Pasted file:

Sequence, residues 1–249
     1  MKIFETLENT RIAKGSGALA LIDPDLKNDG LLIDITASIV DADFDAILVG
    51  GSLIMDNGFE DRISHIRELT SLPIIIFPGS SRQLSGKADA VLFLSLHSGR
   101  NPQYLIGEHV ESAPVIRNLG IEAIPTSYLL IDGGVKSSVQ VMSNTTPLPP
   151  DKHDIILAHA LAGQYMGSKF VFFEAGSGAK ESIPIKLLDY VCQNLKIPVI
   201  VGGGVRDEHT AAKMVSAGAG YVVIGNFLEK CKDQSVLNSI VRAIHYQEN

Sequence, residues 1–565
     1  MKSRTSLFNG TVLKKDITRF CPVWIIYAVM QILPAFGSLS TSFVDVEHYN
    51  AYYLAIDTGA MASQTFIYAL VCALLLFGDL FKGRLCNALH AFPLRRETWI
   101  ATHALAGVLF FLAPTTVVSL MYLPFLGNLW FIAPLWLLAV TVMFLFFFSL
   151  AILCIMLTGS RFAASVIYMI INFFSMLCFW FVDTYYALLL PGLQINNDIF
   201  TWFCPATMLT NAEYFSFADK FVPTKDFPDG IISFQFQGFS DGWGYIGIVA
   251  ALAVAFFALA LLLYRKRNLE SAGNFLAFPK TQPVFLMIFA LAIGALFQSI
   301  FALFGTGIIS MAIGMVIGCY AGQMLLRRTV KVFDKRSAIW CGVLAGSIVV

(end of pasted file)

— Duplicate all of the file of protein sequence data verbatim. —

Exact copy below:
Sequence, residues 1–249
     1  MKIFETLENT RIAKGSGALA LIDPDLKNDG LLIDITASIV DADFDAILVG
    51  GSLIMDNGFE DRISHIRELT SLPIIIFPGS SRQLSGKADA VLFLSLHSGR
   101  NPQYLIGEHV ESAPVIRNLG IEAIPTSYLL IDGGVKSSVQ VMSNTTPLPP
   151  DKHDIILAHA LAGQYMGSKF VFFEAGSGAK ESIPIKLLDY VCQNLKIPVI
   201  VGGGVRDEHT AAKMVSAGAG YVVIGNFLEK CKDQSVLNSI VRAIHYQEN

Sequence, residues 1–565
     1  MKSRTSLFNG TVLKKDITRF CPVWIIYAVM QILPAFGSLS TSFVDVEHYN
    51  AYYLAIDTGA MASQTFIYAL VCALLLFGDL FKGRLCNALH AFPLRRETWI
   101  ATHALAGVLF FLAPTTVVSL MYLPFLGNLW FIAPLWLLAV TVMFLFFFSL
   151  AILCIMLTGS RFAASVIYMI INFFSMLCFW FVDTYYALLL PGLQINNDIF
   201  TWFCPATMLT NAEYFSFADK FVPTKDFPDG IISFQFQGFS DGWGYIGIVA
   251  ALAVAFFALA LLLYRKRNLE SAGNFLAFPK TQPVFLMIFA LAIGALFQSI
   301  FALFGTGIIS MAIGMVIGCY AGQMLLRRTV KVFDKRSAIW CGVLAGSIVV